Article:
However, segmentation can be problematic, e. g. extradition analysed as both extradit+ion and former mate+tradition, cooperate as both co+operate and cooper+ate. He suggests that these would be solved by dictionary discussion, but sometimes alternate segmentations are equally valid (German Wachtraum could be shield room (Wacht+Raum) or day goal (Wach+Traum), until you are eliminated at a later stage [16].

In his article "Machine Translation: A BRIEF OVERVIEW" Hutchins writes that in MT there are three basic methods to syntactic structure research. The first aim is to identify reputable sequences of grammatical categories, for case, in British article + adjective + noun. This process is dependant on predictive analysis, which really is a sequence of categories forecasted that the following

category would be one of a comparatively limited set. The second aim to identify groups of

categories, for example, as noun phrases, verb phrases, clauses, and eventually sentences. These are based on expression framework or constituency grammar. The third aim to identify dependencies among categories, for example, reflecting the actual fact that prepositions determine the truth types of German and Russian nouns, that the form of a French adjective is determined by the noun it modifies. The basis is dependency sentence structure [14].

He also remarks that SL constructions are changed into comparative TL constructions by conversion rules, regarding phrase composition or dependency trees and shrubs by 'tree transducers', which may apply either unconditionally, for example, British adjective+noun to French noun+adjective or conditionally, followed by specific lexical items, for example, English prefer to German gern [15].

Another problem which identifies Arnold is the multiword products like idioms and collocations. The real problem with idioms is they are not generally set in their form [3].

Hutchins in his article "Machine Translation: Background and General rules" highlights that MT systems can are unsuccessful for many practical reasons, for case, mysterious words neologisms or new ingredients, misspellings supercede, persue, British orthography rather than expected American traveller for traveller, typographical problems from rather than form, wrong usages principle as an adjective, ungrammaticalness do not require were present. Although full disambiguation cannot be achieved, a crude translation may be obtained with basic phrase structure identification. It is now common for systems to hold on to information from all degrees of analysis; thus copy (or interlingual) representations will combine morphological, syntactic, semantic and thematic information [15].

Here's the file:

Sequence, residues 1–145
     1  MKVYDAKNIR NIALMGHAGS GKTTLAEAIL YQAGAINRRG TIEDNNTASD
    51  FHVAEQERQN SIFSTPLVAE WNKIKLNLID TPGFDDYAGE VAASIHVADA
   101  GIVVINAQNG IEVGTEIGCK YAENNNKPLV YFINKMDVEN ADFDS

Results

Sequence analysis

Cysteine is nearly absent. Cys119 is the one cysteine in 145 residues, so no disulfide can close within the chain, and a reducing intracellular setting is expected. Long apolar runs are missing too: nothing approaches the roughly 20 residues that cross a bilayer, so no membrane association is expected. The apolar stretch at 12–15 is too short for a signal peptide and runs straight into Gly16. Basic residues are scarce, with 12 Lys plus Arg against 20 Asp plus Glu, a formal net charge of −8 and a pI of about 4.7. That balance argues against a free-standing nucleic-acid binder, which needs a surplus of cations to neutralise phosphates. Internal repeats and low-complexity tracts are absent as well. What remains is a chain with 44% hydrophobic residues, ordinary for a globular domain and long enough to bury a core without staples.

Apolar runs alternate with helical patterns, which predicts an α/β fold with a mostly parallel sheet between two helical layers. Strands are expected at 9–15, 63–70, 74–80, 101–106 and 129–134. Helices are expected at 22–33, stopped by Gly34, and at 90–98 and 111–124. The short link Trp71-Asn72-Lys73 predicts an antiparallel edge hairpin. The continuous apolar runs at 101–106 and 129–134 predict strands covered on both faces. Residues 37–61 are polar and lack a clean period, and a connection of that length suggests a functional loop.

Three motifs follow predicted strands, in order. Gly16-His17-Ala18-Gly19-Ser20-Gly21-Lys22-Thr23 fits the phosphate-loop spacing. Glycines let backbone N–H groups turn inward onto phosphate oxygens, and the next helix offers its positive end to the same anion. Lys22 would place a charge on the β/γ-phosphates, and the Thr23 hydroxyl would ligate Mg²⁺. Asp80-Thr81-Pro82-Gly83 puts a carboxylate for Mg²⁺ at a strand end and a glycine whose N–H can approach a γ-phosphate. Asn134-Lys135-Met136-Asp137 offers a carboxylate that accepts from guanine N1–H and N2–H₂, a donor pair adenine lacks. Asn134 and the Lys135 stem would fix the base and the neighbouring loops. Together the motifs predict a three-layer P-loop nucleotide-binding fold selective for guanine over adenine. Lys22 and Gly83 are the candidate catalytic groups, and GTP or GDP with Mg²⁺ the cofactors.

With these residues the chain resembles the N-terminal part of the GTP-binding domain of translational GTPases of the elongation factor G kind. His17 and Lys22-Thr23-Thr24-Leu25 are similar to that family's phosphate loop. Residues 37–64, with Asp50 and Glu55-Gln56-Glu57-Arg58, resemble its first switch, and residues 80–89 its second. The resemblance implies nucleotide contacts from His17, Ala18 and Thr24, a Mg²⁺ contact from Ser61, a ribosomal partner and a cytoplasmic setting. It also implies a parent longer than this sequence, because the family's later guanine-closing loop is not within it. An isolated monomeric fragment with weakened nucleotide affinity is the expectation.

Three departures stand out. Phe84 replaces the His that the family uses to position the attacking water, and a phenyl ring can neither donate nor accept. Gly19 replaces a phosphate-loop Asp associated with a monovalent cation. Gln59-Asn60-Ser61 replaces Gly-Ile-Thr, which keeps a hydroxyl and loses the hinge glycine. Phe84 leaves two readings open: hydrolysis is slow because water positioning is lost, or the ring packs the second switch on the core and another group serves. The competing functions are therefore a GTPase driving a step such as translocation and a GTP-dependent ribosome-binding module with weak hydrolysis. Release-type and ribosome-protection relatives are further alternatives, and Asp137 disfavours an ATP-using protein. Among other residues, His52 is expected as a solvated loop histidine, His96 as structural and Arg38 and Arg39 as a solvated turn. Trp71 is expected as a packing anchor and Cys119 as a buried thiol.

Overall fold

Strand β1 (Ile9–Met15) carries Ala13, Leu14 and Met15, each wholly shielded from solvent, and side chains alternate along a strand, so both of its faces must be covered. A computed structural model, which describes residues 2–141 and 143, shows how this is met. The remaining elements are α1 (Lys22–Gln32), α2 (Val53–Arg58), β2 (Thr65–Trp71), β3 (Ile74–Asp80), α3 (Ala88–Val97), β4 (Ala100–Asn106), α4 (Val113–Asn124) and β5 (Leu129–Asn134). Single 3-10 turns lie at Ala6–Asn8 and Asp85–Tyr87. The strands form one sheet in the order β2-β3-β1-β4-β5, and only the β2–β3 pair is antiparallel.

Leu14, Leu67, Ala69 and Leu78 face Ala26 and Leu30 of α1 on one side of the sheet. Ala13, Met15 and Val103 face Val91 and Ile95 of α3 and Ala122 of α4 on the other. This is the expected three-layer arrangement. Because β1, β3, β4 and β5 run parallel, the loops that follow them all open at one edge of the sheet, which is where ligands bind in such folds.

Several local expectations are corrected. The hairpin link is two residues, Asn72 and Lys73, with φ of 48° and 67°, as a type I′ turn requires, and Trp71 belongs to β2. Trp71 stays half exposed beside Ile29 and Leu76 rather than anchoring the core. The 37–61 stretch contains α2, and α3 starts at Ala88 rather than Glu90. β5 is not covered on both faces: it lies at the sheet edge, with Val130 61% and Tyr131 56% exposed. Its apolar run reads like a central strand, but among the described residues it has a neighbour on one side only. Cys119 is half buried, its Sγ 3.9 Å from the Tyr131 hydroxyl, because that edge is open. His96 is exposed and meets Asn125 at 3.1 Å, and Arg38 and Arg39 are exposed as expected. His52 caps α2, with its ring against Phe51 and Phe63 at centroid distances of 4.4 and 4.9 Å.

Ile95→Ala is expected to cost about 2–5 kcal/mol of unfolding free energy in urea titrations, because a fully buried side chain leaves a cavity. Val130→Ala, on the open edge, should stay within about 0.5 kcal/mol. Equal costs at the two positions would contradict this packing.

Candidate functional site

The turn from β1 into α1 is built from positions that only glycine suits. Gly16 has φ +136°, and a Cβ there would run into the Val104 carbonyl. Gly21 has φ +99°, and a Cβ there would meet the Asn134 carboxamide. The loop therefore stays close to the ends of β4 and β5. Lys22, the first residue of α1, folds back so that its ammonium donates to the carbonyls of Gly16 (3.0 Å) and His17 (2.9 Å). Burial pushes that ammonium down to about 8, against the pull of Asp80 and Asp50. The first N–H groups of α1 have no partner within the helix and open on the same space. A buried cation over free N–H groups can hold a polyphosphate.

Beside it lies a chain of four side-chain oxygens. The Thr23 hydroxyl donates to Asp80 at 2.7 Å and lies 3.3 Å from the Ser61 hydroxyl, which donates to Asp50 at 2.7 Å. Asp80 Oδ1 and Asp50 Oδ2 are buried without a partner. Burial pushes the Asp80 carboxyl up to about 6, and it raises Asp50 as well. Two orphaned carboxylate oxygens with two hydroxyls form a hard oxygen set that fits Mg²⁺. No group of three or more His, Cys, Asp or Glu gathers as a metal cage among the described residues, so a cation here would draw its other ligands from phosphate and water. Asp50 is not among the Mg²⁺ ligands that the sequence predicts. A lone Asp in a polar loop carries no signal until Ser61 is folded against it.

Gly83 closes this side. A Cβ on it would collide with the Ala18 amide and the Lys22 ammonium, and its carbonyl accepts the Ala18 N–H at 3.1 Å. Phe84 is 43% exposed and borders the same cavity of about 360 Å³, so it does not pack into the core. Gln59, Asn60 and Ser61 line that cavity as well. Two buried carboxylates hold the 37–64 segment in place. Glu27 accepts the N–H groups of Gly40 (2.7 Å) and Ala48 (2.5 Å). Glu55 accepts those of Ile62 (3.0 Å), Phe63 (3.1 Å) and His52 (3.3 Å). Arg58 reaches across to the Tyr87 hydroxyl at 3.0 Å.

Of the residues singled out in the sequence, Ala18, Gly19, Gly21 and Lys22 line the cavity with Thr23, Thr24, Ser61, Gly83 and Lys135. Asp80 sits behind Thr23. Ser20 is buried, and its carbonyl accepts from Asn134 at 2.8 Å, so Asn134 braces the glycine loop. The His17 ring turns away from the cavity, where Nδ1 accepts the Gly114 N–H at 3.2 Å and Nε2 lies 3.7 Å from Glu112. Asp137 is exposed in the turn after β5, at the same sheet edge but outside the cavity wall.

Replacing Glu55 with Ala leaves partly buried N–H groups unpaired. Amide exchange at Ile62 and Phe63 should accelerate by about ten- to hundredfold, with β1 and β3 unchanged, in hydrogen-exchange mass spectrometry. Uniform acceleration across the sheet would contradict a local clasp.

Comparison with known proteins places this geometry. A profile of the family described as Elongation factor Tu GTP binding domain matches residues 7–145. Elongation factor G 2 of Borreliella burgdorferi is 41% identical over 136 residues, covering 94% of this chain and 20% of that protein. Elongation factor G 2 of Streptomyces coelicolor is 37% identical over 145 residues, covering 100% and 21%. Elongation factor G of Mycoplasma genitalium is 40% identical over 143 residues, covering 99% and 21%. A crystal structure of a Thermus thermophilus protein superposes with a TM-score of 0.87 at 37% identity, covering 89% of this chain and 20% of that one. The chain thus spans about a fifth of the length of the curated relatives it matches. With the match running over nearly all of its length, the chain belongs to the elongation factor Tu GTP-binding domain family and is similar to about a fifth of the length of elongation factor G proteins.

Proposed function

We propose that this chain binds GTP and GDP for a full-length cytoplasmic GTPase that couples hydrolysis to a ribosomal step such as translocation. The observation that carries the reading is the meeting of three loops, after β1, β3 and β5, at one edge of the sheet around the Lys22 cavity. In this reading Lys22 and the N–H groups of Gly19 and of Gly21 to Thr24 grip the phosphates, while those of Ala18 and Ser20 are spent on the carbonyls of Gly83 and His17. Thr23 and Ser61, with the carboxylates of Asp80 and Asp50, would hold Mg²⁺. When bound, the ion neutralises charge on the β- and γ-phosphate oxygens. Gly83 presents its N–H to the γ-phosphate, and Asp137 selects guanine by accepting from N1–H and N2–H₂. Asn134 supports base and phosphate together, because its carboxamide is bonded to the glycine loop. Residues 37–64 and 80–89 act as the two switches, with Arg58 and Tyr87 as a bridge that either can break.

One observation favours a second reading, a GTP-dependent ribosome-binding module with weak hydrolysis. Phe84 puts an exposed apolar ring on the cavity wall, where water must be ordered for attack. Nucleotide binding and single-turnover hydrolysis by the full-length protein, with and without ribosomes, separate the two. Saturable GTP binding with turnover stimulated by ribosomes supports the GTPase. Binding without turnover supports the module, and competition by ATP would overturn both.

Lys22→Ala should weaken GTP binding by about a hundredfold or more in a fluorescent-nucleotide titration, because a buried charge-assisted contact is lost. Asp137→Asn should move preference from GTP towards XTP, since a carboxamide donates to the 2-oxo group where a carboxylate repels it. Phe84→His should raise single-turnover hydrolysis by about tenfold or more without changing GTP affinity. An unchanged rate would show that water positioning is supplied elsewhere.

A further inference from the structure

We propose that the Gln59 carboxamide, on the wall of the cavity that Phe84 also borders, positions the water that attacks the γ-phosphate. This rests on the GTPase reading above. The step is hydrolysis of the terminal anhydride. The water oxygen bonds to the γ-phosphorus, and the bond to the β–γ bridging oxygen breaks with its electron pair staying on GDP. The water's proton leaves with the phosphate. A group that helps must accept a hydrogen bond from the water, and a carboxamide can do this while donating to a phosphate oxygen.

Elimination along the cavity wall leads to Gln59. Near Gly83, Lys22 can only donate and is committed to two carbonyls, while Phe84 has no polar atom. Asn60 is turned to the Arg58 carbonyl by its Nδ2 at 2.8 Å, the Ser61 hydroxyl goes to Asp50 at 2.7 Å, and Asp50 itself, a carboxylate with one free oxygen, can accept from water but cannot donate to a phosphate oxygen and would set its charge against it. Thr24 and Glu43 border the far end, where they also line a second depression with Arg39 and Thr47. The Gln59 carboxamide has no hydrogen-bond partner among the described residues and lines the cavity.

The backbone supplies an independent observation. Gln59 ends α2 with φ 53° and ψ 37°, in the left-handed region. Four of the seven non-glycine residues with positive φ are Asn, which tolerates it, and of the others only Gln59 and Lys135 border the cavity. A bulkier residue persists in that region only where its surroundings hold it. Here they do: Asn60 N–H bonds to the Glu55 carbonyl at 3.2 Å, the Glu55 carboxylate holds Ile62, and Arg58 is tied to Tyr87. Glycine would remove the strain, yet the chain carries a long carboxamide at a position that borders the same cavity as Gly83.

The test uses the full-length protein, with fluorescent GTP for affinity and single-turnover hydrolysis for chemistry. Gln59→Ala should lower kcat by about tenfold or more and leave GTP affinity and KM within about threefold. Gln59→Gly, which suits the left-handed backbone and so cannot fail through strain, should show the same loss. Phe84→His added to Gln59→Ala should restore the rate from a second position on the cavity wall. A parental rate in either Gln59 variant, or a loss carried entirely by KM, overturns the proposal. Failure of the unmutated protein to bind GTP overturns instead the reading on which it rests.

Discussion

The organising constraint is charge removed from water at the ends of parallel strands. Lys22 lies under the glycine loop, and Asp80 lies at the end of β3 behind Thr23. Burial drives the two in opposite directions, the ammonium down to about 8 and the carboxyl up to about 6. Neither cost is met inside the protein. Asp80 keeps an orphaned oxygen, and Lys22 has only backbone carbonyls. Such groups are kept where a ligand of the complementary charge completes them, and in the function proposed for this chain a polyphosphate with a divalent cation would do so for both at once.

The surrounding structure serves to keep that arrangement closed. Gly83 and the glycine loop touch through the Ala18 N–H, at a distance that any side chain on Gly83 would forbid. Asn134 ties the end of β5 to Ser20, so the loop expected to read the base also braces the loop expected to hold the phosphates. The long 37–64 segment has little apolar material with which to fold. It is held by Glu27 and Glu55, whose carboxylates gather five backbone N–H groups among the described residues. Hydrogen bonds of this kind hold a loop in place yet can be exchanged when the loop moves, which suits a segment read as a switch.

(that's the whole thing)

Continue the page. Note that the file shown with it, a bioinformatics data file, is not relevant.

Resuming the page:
Historically, MT systems have steadily introduced 'deeper' levels of analysis and

transfer. Early on word-for-word systems were restricted to bilingual dictionaries and simple

morphology. Later 'direct' systems presented syntactic evaluation and synthesis. Term composition and dependency analyses provided the basis for simple copy systems with little semantic examination.

Conclusion

The use of machine translation is more important than we may think. It could be said that the resources available to the translator through it imply a big change in the partnership between your translator and the written text, that is to say, a fresh way of translating. However, you have the development of new features, which leads us to indicate a number of essential areas of the current situation. Translating by using the computer is certainly not the same as working exclusively in some recoverable format and with newspaper products such as classic dictionaries, because computer tools provide us with a relationship to the text which is much more flexible when compared to a solely lineal reading. Furthermore, the Internet with its common access to information and instant communication between users has created a physical and geographical freedom for translators which were inconceivable before. Translators need to accept the new solutions and understand how to utilize them to their maximum potential as a way to increased productivity and quality improvement. Once we stated there are problems of ambiguity whenever using MT, and the ones problems are also common for all of us. A clear example would be translations from Spanish to Basque. In those translations, aside from ambiguity problems, there would be structural problems, because structurally Spanish and Basque are very different.

Having analyzed some theoretical options we came to the following conclusions:

Machine translations enable visitors to have information in many dialects, assisting to understand it without knowing the dialect;

MT provides translators useful tools that help them to make their job more successfully and faster;

It can end result much larger quantities of translation than any team of translators;

Machine translation almost never reaches precision levels above 70%;

Machine translation is a venerable technological enterprise, a scientific concern of the first order and it can be understood as an monetary necessity;

Machine translation is an automatic linguistic translation", namely, a word-by-word translation;

Machine translation refers to the use of software to translate text from one dialect to another language;

In the procedure of translation Machine Translations face some problems of ambiguity that make that their use to be hard.

This research could be a good basis for an additional development of this topic, specifically, a profound research of different machine translation and their reliability in translating. We consider that the given study might be of great use to research workers in neuro-scientific translation and linguistics. It may serve as a reference point for the elaboration of season and graduation documents.

Finally, we ought to explain that machine translation comes with an important role in the process of translation which is very helpful for translators.